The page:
I am writing this from the couch of a cabin in Asheville, North Carolina, watching my 18 month old nephew “dance” to Ramblin’ Man by Led Zeppelin. It’s mostly adorable. This vacation marks my first trip (as an official adult) where there was a tiny child in attendance. Things are different. There is a lot more Elmo in my life. Which isn’t necessarily a bad thing – there SHOULD BE more Elmo in my life. Elmo is an interesting cat. He’s always hugging people and talking in a high pitched voice. Those things are endearing. Well, at least endearing for the first 15 minutes. At some point, the law of diminishing returns takes over, but we are still in those first 15 minutes (for today), so I’m cool. Which is a good segue into today’s conversation piece – “Pros and Cons of Vacationing with a Toddler When You Yourself Do Not Have a Toddler.”
Pro: The aforementioned cuteness. Toddlers can be disarmingly cute. They do things like pretend to go to sleep, which isn’t that cute when Blake does it, but subtract 28 years and ADORABLE! There is also the unbridled joy that comes from getting an 18 month old to say your name. Or some version of it. I don’t know what it is, but there have been hours of activity based around one adult (let’s be honest here – me) sitting around repeating, “Say Kristi. Kris. Ti. Kristi. Say Kristi, Reed. Kristi. Kris. Ti.” And to be rewarded with a tentative – “trish. Ee?” Well, it’s basically like I have won some award for most awesome person to ever exist on the planet ever in a million years.
Con:Mornings. I don’t know if anyone else knows this, but toddlers wake up early. REALLY early. And they don’t just want to lie around like giant adult sized slugs, they want to run around yelling, “MAMA!” In normal situations, where there are three real bedrooms, this would not be an issue (or at least not one for me, the toddlerless), but in this particular cabin, those without kids (Blake and myself) have been regulated to the euphemistically named “third bedroom,” which, you know, is a loft. So, our mornings have been beginning at our equivalent of 6:30 by a toddler alarm clock, that yells, “MAMA!” instead of beeping. This is way cuter than a normal alarm clock, but some of us (ahem, Blake), don’t wake up on a normal day for 3 more hours, so a con it is.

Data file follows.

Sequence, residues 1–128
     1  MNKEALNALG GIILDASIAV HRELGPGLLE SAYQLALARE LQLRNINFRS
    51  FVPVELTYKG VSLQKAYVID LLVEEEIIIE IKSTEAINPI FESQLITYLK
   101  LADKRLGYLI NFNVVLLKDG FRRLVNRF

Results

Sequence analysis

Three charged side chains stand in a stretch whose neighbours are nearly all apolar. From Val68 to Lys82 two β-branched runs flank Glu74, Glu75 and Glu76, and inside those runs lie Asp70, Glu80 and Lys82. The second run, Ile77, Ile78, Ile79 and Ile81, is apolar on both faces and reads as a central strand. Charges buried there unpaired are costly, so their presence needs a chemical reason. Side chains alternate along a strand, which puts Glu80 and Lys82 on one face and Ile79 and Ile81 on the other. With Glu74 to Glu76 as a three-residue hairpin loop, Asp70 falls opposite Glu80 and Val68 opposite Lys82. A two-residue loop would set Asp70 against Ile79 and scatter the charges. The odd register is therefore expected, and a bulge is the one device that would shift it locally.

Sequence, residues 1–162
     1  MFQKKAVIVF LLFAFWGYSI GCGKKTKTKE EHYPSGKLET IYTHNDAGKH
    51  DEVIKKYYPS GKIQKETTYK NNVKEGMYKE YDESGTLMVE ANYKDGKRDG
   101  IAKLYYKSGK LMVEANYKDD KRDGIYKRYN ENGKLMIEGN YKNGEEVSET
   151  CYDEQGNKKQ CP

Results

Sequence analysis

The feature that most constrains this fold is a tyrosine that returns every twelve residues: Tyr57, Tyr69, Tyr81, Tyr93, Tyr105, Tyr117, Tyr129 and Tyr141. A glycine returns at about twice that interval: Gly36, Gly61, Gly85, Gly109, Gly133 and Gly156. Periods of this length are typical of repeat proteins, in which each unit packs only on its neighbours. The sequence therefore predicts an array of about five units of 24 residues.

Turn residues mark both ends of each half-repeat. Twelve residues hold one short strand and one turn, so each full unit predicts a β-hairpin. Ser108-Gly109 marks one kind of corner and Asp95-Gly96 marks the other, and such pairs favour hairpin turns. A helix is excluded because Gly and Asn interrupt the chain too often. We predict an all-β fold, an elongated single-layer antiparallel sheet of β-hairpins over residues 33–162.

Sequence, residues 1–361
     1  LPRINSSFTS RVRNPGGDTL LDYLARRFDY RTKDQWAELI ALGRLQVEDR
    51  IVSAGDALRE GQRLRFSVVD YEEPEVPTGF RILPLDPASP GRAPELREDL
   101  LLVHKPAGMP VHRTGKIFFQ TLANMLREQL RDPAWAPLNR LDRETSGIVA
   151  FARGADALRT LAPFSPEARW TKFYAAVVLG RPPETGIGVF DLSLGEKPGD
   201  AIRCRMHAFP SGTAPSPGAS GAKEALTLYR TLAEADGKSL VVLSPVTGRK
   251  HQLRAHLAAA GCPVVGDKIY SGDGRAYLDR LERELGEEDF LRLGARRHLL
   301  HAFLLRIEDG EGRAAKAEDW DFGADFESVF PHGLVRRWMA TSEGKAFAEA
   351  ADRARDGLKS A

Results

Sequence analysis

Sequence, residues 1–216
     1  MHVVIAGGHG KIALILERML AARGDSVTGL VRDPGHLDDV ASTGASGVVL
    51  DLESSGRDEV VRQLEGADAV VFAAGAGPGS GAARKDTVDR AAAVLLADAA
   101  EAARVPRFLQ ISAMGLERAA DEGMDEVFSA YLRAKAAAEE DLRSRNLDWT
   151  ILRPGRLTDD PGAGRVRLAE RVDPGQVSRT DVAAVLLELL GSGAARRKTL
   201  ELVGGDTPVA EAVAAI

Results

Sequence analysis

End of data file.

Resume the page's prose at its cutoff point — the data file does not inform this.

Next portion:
Pro: Regulated nap times! Here’s the thing about little kids: they get to demand nap times! All activities must STOP, and naps are had! This is an amazing development. On normal trips, naps are hard to procure. There are a lot of adults that have to be convinced to stop their day so you can take a nap. But kids? Well, they trump everything. There is no negotiating nap time. So everyone gets a little mini-break and everyone wakes up super refreshed and ready for Day Time Part Two.
Con: Regulated nap times. Yeah, this a con too. Remember what I said about kids trumping everything? This is literally true. They can just fall asleep in the car, and there is hell to be paid for interrupting them. Yesterday, our lunch group splintered in two thanks to an ill-timed nap (or ill-timed lunch, depending on your prospective) that coincided with the drive to the restaurant. This didn’t really affect me because there were two cars, but I like this particular toddler’s parents and wanted to eat lunch with THEM. Thanks A LOT, baby.
Pro: More toys! I think most people forget this fact in the time between being a kid and having a kid. But toys are fun! They can fully occupy six adults and nominally occupy one toddler for hours. There are tops that spin and play music and shoot lights all over the place. There are balloon things that zip around, squealing. And bubbles! Staring at bubbles is the staring at fire for the toddler set. As an almost 30 year old, it’s been a while since I have stared at bubbles. Definite pro.
Con: Ok, Elmo. We’ve reached critical mass. Stop talking, ELMO.